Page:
Around 28 I developed Late Onset Bob Dylan Fandom. I'm an early period Dylanist, the time between '61 and '65, when he released seven truly great albums before he turned 25. (OK, maybe six. His first one is good but not great.) There are some very good albums and some great songs after '66, but it is clear that up until the last track of Blonde on Blonde the hands of God were upon him. I listened to those albums repeatedly, even got some Newport bootlegs, pre-and-post electric, and marveled over the different versions of Mr. Tambourine Man, the live version of Maggie's Farm and Like a Rolling Stone with the Paul Butterfield Blues Band, etc. At some point during this phase of my life, in a bar on Lincoln Avenue in Chicago, I saw a poster of Dylan in a studio holding a Fender and immediately thought-- I want that. I even went so far as to find it online... but soon realized I could not do it. I could never hang a poster of pop musician on my wall again. I put aside those childish things, and I should not, I dare not, try to get them back.
Over the years my antipathy for posters has developed into an antipathy for pop-culture in general. It is too often a cult of the genius and the talented rather than of the work. There is a Buddhist parable about a little boy who saw a monk preaching about the self and the universe. At a dramatic moment the monk pointed to the moon. Later the monk saw the boy imitating him preaching and pointing to the moon. The kid obvsiously didn't get it, so the monk did the only logical thing: he cut the boy's finger off.
We are the kid, mistaking fingers for moons constantly. We don't like Bob Dylan songs, we like Bob Dylan. We can hardly tolerate the thought we might dislike the guy if we knew him. As recent years have shown, we will purge an artist and his work if he turns out to be a jag-- we'll burn his records like the evangelical Beatles fans who took affront to Lennon claiming he was bigger than Jesus. We're not much different today, we just have different Jesuses. While some may take pride in their willingness to play iconoclast, it's just another way of mistaking fingers for moons. Artists are there for us to worship, but when they fail we-- or a loud and powerful some-of-us-- condemn them with the same enthusiasm. If they say anything offensive, anything that we did not believe five years ago but believe with a convert's zeal now, we cast them out of the temple.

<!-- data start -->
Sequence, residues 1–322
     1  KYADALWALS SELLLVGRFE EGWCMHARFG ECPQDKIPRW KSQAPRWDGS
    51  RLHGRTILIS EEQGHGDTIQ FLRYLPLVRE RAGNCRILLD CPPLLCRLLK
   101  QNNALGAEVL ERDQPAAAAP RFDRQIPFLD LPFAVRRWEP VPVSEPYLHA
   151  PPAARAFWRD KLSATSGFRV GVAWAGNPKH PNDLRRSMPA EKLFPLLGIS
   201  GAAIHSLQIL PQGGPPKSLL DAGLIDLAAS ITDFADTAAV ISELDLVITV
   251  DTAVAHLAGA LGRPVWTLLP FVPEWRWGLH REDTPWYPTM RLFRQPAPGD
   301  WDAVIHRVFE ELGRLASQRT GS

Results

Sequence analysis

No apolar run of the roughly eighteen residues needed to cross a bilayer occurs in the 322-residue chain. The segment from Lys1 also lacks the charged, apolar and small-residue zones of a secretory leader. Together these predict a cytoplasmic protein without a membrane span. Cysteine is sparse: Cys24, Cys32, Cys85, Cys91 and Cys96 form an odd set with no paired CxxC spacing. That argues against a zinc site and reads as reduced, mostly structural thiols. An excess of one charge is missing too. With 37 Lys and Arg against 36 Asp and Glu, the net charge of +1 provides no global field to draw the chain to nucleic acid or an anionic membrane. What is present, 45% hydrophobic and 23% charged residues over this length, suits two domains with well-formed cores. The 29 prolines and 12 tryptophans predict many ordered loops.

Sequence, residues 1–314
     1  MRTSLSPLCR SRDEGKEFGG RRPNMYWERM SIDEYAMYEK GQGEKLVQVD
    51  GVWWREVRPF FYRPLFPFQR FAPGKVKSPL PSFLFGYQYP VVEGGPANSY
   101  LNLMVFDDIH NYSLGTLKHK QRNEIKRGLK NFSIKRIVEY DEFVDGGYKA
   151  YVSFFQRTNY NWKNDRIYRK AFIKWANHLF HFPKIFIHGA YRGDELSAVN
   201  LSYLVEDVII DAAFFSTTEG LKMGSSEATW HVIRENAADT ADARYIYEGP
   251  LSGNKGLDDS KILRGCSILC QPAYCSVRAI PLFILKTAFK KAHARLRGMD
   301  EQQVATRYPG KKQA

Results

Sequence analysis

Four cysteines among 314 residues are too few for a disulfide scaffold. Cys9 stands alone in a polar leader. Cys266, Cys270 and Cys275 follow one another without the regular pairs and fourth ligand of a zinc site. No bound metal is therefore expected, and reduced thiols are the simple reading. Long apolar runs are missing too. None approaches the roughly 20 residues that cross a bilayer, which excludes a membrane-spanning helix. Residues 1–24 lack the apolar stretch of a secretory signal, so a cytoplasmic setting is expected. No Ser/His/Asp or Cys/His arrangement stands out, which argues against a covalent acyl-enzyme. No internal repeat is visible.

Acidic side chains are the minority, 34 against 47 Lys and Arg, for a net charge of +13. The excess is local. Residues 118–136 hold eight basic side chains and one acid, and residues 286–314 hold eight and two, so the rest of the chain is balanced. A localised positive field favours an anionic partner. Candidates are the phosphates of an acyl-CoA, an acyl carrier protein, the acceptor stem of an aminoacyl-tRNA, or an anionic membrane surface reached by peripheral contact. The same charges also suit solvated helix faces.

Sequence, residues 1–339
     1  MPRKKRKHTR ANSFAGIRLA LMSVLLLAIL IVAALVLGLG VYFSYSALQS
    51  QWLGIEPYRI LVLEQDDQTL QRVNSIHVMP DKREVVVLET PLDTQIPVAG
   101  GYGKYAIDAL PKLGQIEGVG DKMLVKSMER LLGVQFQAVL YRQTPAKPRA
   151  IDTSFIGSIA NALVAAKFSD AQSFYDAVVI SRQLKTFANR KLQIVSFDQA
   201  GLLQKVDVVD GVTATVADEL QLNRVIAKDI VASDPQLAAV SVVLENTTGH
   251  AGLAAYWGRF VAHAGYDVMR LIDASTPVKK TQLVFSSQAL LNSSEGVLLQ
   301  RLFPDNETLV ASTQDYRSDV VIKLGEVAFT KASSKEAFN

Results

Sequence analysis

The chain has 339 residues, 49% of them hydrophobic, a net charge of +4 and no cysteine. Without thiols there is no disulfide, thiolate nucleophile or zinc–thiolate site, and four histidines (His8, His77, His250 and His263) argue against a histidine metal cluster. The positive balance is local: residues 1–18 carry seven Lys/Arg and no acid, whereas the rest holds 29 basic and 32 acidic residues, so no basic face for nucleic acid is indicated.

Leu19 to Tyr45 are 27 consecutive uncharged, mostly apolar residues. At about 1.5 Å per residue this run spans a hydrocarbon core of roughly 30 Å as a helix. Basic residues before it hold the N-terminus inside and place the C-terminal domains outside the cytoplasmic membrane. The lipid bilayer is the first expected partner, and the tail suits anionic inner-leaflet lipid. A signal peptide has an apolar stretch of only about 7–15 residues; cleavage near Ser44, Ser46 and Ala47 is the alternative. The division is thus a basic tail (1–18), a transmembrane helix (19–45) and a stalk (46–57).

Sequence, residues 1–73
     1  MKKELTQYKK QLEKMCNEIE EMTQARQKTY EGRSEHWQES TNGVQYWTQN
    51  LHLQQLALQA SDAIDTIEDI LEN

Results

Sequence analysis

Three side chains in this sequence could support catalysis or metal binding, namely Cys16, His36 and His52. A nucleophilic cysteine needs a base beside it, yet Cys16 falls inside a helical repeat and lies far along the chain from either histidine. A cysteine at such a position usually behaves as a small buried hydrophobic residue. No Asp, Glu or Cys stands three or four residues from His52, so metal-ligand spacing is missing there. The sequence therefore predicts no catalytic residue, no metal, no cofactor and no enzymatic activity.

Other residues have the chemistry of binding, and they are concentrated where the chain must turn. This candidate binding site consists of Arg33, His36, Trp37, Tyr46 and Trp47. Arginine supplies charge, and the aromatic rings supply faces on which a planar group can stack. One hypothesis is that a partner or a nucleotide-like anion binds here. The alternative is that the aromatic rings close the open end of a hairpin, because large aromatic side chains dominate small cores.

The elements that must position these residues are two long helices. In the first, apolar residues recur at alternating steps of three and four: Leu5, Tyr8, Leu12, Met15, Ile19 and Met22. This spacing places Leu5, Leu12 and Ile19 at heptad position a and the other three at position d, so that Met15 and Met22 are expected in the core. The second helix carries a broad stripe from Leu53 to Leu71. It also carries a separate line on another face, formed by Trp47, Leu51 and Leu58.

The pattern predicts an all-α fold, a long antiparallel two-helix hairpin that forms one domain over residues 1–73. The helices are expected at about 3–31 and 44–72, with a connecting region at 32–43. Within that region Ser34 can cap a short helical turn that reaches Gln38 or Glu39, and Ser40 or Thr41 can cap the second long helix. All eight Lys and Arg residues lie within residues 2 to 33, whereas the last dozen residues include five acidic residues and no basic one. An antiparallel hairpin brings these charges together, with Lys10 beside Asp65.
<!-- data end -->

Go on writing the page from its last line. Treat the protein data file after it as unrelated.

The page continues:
Maybe the act of taking down my Who poster in 2000 and then listening to musicians who did not literally write songs about being boys innoculated me from joining a Twitter mob. Maybe my reluctance to enshrine anyone anymore has made me more tolerant of talented people being assholes. I feel like I can meet my heroes since they are not really heroes to me.
This, however, is a way of valorizing myself, elevating my own worldview as the moral and right one. I'm even more reluctant to revere myself as I am to revere someone else. At least revering someone else, even a rock star, is giving something away. Admiration can be a kind of love and a sort of generosity and humility. Self-admiration is repugnant. The aim is self-respect, some joy in being who we are that stops short of adoration, to attain a modest level of self-esteem without thinking we are especially special.
One of the things I first noticed upon joining Facebook in 2008-- at 33, after a lifetime of being just some guy--was that we were all cultivating a public persona. We were not just being ourselves, we were presenting a version of us that we wanted people to like. I had some experience with this, having done a lot of improv for the previous decade. I was used to the idea of audiences and of wanting audiences to like me and laugh at my jokes. I know, you are not supposed to do that, but I am human. Making that error in theater is easier, since you are only on stage for brief parts of a week. On Facebook the stage is always open, an audience member always awake and online somewhere. The mistake of caring what the audience thinks is constantly penalized. Worst of all, most people seemed to have no idea what was happening. They had no idea they were becoming minor celebreties, with an image to cultivate and defend despite being very minor indeed.
I only lasted five years on Facebook before leaving the site, but while I can quit Facebook some amount of social media is probably unavoidable. Some amount of performing and watching people perform online is now, shall we say, endemic. Here I am with a blog; the address for it is my own name. I have and occasionally use a Twitter account and am aware if a Tweet is liked or not. I learned a lot when I took down those posters and a little when I left Facebook, but not everything.
I can't recall if the kid in that Buddhist legend gained enlightenment when he lost his finger. Probably not. He still had nine more. That's plenty of chances to keep making the same mistake.